“ Everyone is pregnant with death. Everyone needs it. Near death we all have the same chance. We all have the chance to become our total selves.” (Duff, 1993) But why wait till the last days of our life to become our true self. As I lay in my deathbed, I would not want to reflect on a life not well lived with a disconnected inner self. Therefore successful aging for me would involve the psychological side of aging, including self-concept, social relationships and cognitive processes. (Moody, 2010)I would like to have lived a conscious full life that consists of: positive relationships with other people, autonomy and self-determination; mastery of surrounding environment; belief that gives purpose to life; and a sense of personal growth and development over the life course. (Ruff, 1989 as sited in Moody, 2010) As I lay in my deathbed, I would like to be surrounded by chatter of my children and my grandchildren, smiling and feeling contentment. I would like to be held by and feel the touch of my life partner who truly loves me in spite of my flaws and deficiencies. I will like to smell and experience all the warmth, festivities, vibrant culture and color associated with my Indian heritage.
No matter how profound my death appears in my imagination, I cannot however possibly discount encountering illness and disease as I progress into my old-old age. Isn’t old age and disease synonymous? My recent study of illness has exposed me to the concept that our souls are much older than our bodies and with several reincarnations; our soul has accumulated positive as well as negative experiences, according to the Karmic Law of Cause and Effect. All souls have experienced pollution, deformation, fragmentation and injury through individual as well as collective Karma. (The Soul, 2011) Hence, no matter how well I eat or live a holistic life – in mind, body and spirit -, I am bound to encounter some form of illness as I age. By a careful review of my family history, it appears that I may be genetically predisposed to have high blood pressure, arthritics and some acute episodes of dementia. My perception towards my impending illness in my last days however would not be of total despair. I would like to experience my illness as a stage of transformation (Duff, 1993), learning and heightened spiritual awakening with extraordinary revelations.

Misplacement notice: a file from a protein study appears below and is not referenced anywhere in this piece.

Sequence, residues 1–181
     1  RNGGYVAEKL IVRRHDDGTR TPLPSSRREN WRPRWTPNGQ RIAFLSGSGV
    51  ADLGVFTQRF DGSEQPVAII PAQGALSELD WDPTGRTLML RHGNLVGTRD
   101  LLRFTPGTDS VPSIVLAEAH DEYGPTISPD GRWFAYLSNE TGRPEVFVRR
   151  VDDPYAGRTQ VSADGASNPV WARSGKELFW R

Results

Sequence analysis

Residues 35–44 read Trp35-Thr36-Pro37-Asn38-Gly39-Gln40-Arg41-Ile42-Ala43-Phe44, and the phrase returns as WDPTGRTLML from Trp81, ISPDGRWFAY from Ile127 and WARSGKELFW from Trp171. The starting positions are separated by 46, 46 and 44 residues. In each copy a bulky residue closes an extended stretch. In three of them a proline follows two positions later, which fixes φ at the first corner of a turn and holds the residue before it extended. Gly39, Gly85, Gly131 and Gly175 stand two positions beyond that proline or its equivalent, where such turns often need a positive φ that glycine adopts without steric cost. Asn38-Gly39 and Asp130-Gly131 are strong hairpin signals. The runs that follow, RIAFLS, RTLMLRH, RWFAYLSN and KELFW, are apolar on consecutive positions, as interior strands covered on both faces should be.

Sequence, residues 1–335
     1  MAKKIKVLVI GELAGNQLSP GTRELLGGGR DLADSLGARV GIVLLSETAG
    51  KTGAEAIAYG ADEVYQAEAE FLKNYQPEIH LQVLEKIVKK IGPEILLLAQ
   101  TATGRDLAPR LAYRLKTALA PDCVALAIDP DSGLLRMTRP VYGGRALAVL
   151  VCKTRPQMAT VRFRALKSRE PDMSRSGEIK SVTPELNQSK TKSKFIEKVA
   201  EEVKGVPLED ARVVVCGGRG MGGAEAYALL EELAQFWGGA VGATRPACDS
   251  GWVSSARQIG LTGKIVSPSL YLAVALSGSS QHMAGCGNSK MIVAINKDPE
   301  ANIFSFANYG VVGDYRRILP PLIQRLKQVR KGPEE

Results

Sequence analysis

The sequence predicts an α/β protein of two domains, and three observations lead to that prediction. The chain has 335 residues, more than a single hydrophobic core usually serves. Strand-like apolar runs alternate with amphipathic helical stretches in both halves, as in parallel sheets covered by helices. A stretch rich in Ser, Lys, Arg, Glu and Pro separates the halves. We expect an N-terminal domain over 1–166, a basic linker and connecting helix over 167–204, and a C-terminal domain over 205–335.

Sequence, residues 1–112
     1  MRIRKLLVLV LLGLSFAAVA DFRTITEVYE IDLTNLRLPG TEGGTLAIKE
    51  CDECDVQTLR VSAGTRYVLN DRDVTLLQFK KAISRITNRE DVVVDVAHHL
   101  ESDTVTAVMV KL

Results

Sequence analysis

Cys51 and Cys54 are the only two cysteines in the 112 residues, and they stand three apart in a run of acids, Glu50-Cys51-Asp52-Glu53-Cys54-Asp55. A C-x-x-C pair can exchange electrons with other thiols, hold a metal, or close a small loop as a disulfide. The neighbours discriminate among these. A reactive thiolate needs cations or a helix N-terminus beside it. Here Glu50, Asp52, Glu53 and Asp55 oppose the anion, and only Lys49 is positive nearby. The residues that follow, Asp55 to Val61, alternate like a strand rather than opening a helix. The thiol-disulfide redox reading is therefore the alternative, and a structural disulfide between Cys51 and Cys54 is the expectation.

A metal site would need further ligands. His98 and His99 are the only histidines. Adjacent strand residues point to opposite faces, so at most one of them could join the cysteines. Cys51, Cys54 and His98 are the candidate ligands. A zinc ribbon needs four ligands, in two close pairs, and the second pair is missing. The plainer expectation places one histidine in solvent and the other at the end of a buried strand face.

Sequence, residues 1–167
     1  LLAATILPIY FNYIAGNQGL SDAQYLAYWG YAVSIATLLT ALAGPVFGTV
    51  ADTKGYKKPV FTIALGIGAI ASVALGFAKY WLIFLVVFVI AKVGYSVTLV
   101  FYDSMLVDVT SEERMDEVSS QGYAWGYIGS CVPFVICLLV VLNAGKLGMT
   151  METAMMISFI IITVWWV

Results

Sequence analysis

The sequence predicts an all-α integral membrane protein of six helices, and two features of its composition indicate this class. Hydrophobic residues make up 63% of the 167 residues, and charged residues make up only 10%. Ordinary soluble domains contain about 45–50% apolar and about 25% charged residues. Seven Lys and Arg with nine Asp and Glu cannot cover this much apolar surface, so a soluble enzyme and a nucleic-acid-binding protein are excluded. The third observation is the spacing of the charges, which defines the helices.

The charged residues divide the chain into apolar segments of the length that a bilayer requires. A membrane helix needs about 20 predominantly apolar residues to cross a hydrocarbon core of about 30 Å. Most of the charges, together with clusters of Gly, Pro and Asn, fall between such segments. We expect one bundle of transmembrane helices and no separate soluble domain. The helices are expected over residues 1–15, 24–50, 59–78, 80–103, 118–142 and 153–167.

As I approach a time when death appears imminent and certain, what end of life decisions would I make? Would the pain and suffering be so unbearable that I may be forced to consider physician-assisted suicide? (Moody, 2010) Would I have a living will expressing my wish for euthanasia if I were to be in a life-threatening situation (Moody, 2011) or would I succumb to a vegetative state of being? Or will I chose to surrender myself to my destiny and experience all the pain and suffering until my last breath? The possibility of having control over our own death by predefining the dying process sounds unnatural but does provide some solace since it provides an opportunity to escape end-of-life sufferings.
Raised as a Hindu, I have a firm belief that with each life birth, we are meant to learn lessons and if we don’t, we are constantly reborn. (Sivananda, 2003) In Buddhism, the state of mind at the time of death is regarded as extremely important, because this plays a vital part in the situation one is reborn into. This is one reason why suicide is regarded in Buddhism as very unfortunate, because the state of mind of the person who commits suicide is usually depressed and negative and is likely to throw them into a lower rebirth. Also, it doesn’t end the suffering; it just postpones it to another life. (Death and Dying, Hawter)
With my firm belief in reincarnation and the laws of Karma, suicide – assisted or otherwise – is not an option. I imagine myself living in acceptance of the illness to the best of my capabilities in my last days or years. I want to experience the transformation and life lessons revealed through my illness and sufferings. However, I would like to have a personal will that states donating each and every functional body organ that could be useful to another human being in need if I were to ever die due to a traumatic accident or land up in a vegetative state of being. Also, in my will, I would like to clearly state that I would not like to be kept alive on artificial nutrition and hydration (Moody, 2010) and be allowed to die the natural course of death.
It is said that when you die, your entire life flashes before your eyes. If that is so, what would I remember the most and what would I miss the most when I no longer exist? I will miss the healing loving touch of another person and making love. I will miss the intimate moments of both happiness and sadness shared with loved ones. I will miss my children, spicy Indian food, laughter, nature, my yoga practice and meditation, and the sheer mystery of the unknown. But all is not lost. I can take solace from my belief that I would be reborn again and hence I won’t really be dying in the true sense – I will be able to feel and live again, only the next time would be in a different body. Also, knowing what I will miss the most when I am gone, only reiterates that I need to be fully present and conscious of my being and relish these wonderful life moments to the fullest.
As a activity, I will suggest that you list 7 things you will miss most when you are no longer alive. You will be surprised what surfaces and how that changes the way you look at your life. Do share your thoughts and comments. More soon!